Honoring George Floyd and Too Many Others to Name
I am proud of my fellow Americans out in the streets this week. I am angry, frustrated and sick of the direction this country has gone. I remember 1968. I protested the Vietnam War with my parents and I’m proud to have been raised to express my First Amendment rights. Those times held within them hope for improving our country. We witnessed horrible actions and all of America was aggrieved by the Kent State killings. If those events occurred today our Tweeter in Chief would call the students thugs and his followers would agree. Today’s protesters are NOT thugs – they have legitimate anger. I do not condone violence and believe Martin Luther King was right – nonviolent protest is far more effective.
It’s difficult for those of us at risk for severe coronavirus to willingly put our very lives at risk to join the protesters. Now that I’m over 60 and not in perfect health, the virus could end my life as I know it. I will not risk my future and even retired early to avoid that fate. Yet each of us has a responsibility to speak out against racism, injustice, inequality, mass incarceration, and inadequate health care in this country. We each must find a way to speak up. Not everyone can march but we all can do something.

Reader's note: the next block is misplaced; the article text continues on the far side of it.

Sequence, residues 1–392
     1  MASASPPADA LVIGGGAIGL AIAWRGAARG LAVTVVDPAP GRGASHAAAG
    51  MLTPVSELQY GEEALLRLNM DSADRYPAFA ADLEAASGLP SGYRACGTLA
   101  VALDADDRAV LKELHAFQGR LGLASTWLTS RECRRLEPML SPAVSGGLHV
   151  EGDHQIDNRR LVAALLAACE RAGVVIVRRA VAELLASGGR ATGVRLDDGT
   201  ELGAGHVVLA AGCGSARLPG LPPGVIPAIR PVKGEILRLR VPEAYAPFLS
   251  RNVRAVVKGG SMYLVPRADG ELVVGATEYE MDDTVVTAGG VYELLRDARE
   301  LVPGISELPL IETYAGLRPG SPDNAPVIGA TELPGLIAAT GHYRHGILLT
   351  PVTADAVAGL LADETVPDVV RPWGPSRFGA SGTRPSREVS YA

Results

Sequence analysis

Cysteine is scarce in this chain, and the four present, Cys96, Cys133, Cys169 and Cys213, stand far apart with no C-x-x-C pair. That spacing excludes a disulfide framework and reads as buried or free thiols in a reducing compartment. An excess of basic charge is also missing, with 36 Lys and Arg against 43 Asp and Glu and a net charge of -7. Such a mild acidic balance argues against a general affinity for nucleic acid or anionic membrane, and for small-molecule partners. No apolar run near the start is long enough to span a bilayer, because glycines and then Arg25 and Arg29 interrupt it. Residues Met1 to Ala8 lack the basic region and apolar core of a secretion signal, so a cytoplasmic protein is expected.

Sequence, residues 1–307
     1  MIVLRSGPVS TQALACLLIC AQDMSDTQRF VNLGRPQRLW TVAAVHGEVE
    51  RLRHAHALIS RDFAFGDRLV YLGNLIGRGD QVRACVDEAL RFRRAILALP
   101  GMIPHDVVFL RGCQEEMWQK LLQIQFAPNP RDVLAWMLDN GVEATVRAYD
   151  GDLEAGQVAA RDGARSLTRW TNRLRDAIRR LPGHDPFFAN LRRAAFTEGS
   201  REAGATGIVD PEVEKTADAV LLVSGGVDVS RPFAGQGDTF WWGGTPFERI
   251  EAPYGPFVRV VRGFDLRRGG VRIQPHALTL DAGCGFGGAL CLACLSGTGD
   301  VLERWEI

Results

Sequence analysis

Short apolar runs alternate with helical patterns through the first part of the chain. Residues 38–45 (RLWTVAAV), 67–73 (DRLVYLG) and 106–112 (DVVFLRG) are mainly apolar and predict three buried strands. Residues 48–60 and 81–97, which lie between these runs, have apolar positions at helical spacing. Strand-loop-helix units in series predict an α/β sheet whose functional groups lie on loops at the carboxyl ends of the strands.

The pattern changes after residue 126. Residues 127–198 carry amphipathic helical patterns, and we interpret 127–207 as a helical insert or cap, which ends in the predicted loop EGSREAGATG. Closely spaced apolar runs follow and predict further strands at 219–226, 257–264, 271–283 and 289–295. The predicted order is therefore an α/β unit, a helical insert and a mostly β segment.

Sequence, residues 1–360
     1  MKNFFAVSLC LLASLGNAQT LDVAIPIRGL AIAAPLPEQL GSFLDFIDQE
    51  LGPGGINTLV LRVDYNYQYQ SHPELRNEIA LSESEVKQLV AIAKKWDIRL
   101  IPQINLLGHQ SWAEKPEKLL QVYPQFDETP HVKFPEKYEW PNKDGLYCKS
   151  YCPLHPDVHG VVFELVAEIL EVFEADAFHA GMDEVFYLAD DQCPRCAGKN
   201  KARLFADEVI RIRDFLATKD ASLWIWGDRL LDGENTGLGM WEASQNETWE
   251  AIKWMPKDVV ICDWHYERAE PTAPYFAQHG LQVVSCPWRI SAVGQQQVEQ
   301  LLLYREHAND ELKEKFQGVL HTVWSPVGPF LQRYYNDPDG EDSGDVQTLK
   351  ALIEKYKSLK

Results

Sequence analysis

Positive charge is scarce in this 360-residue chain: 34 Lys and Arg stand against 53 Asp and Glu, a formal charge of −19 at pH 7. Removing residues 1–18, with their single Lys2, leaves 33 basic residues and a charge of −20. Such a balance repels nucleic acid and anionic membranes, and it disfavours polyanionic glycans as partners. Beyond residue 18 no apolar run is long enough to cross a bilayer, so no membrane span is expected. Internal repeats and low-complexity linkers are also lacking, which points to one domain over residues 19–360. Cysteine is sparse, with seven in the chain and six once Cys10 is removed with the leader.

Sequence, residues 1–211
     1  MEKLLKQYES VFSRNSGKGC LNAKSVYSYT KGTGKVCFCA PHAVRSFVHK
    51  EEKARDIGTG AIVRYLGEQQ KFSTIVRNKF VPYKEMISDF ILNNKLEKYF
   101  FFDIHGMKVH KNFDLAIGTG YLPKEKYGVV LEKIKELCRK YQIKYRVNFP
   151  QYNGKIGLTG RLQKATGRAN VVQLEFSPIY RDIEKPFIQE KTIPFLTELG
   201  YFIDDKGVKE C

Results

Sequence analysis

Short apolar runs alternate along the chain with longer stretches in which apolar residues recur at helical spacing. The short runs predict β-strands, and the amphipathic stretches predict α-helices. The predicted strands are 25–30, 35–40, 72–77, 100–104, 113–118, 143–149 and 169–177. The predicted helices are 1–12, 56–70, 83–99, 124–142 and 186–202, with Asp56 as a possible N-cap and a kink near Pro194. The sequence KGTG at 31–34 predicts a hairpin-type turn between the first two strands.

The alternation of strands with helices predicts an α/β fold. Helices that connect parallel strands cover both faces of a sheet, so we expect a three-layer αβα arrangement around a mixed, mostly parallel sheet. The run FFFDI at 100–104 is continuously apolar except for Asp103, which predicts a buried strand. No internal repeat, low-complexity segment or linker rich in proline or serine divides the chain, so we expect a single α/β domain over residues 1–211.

For a number of years I have been disturbed by the senseless killing of unarmed black Americans. I’ve made art to honor the names of those killed. This piece is titled, “The Fire This Time”, influenced by James Baldwin’s writings. As an artist, I believe I have a responsibility to make art that is relevant to my time – not to merely decorate or merely express emotion. Join me in making art that speaks out against racial injustice.